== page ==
Nutrition Australia, through National and State Divisions, undertakes a substantial amount of advocacy work with both Federal and State Governments, guiding bodies and health organisations. Here we share these.
It is time for the Australian Government to take charge of the nutritional health of our nation and update the 1992 National Nutrition Policy.
In 2017, Nutrition Australia, the Dietitians Association of Australia, the Public Health Association of Australia and the National Heart Foundation, released a joint statement entitled “Towards a National Nutrition Policy for Australia”. This call to action statement aimed to raise awareness of the importance of nutrition and the benefits of a new National Nutrition Policy.
Last month the Dietitians Association of Australia released a new report titled, “Nourish not Neglect: Putting health on our nation’s table”, which outlines the steps needed to make a new National Nutrition Policy a reality.
What can you do to help drive the agenda for a new National Nutrition Policy?
Get in touch with your Federal Member and encourage them to call for a National Nutrition Policy in Parliament. Your Federal Member is elected by the community and is your representative, so it’s their job to listen!
Simply download our letter template that you can use to post or email your Federal Member of Parliament. Click here to download letter template.
Click here to look up your Federal Member of Parliament.
Nutrition Australia’s Submission is Number 61. You can view our submission through the government submissions here.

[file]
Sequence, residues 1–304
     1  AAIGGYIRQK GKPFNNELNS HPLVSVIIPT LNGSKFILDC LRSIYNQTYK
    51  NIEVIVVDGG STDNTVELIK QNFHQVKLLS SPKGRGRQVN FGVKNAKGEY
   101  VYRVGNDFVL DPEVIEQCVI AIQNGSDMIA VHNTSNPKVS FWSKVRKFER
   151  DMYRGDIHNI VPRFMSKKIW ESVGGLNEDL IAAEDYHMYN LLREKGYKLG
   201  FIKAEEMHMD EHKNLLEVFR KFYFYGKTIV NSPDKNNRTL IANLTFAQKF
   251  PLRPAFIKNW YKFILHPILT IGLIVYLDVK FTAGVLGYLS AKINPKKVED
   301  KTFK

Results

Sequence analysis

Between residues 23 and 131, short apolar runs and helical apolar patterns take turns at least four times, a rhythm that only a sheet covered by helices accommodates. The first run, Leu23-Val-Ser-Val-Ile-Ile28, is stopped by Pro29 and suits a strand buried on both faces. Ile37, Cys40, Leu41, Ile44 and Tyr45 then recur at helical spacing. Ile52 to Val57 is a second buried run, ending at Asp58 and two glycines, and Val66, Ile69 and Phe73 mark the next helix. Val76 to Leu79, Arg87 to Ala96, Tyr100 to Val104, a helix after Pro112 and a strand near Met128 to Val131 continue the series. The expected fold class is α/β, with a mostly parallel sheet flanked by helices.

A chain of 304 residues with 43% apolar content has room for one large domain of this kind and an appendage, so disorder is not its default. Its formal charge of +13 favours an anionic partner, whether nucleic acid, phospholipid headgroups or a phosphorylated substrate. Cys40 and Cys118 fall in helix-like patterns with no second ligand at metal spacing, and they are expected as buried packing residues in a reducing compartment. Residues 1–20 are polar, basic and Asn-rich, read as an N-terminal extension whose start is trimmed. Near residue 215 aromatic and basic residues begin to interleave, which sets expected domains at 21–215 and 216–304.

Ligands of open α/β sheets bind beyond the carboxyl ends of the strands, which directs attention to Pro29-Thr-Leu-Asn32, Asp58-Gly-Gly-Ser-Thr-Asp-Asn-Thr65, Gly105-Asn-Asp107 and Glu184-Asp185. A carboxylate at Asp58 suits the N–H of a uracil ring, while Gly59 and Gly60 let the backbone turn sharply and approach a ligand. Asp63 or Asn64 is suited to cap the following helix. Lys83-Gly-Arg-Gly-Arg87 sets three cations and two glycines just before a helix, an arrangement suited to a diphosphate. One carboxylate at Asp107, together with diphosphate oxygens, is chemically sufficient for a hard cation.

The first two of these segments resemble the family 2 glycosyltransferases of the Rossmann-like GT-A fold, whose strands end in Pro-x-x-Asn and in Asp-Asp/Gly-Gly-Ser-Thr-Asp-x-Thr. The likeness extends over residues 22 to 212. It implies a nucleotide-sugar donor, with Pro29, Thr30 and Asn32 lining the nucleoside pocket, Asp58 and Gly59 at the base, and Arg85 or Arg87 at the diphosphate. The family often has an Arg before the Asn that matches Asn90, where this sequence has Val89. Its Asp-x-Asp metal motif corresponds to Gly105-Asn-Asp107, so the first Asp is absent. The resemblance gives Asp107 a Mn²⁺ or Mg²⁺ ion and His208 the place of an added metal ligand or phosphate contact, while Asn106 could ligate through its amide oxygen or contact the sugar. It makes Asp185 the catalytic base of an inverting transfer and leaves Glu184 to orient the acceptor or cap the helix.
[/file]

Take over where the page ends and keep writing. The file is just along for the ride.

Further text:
Nutrition Australia submitted a response to the stakeholder consultation re: Kilojoule labelling for fast food outlets.
Purpose to facilitate stakeholder consultation with industry, public health and consumer organisations, and relevant professional associations to assist with the review of the effectiveness of the fast food menu labelling schemes which have been introduced.
Community education regarding kilojoule information and its relationship with healthy food choices is required to ensure such information is used effectively. Nutrition Australia supports the availability of nutrition information for consumers – either via in-store brochures/posters and/or online.
A collaboration of health bodies, angered by the arrival of the Coke Christmas Truck on Australian shores, have joined forces in an open letter to Coca-Cola and The Salvation Army. The collaboration, led by Parents’ Voice, is particularly disappointed by Coca-Cola’s decision to visit Tamworth. As with much of regional Australia, Tamworth has high levels of overweight and obese Australians, with 73.9% of adults in the region either overweight or obese.
A ground-breaking 8-point action plan, outlining eight clear, practical, evidence-based actions the Australian Federal Government must take to reduce the enormous strain excess weight and poor diets are having on the nation’s physical and economic health.
Led by the Obesity Policy Coalition and Deakin University Global Obesity Centre, Tipping the Scales draws on national and international recommendations to highlight where action is required.
Nutrition Australia considers the HSR has considerable potential as a successful public health intervention if:
In addition, we made recommendations regarding, the need for greater consumer education about the HSR system, and the governance of the HSR system including the role of the food industry.
The Public Health Association of Australia, the National Heart Foundation of Australia, the Dietitians Association of Australia and Nutrition Australia are calling for the Australian Government to develop a new National Nutrition Policy. The old 1992 policy urgently needs updating and expanding so it aligns with recommendations from the World Health Organization (WHO), the United Nations Steering Committee on Nutrition (UNSCN) and the Food and Agriculture Organization (FAO). Diet related diseases are most prevalent among the very young, the very old, those living in remote areas, many Aboriginal and Torres Strait Islander peoples, those in culturally and linguistically diverse groups, and in lower socioeconomic groups. We urgently need to address these major risk factors for the health and productivity of all Australians.